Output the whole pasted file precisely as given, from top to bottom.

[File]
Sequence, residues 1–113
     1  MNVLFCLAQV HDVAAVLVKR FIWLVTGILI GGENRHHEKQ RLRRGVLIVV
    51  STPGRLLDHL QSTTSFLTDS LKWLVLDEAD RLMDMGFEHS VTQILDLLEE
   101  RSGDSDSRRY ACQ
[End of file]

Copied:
Sequence, residues 1–113
     1  MNVLFCLAQV HDVAAVLVKR FIWLVTGILI GGENRHHEKQ RLRRGVLIVV
    51  STPGRLLDHL QSTTSFLTDS LKWLVLDEAD RLMDMGFEHS VTQILDLLEE
   101  RSGDSDSRRY ACQ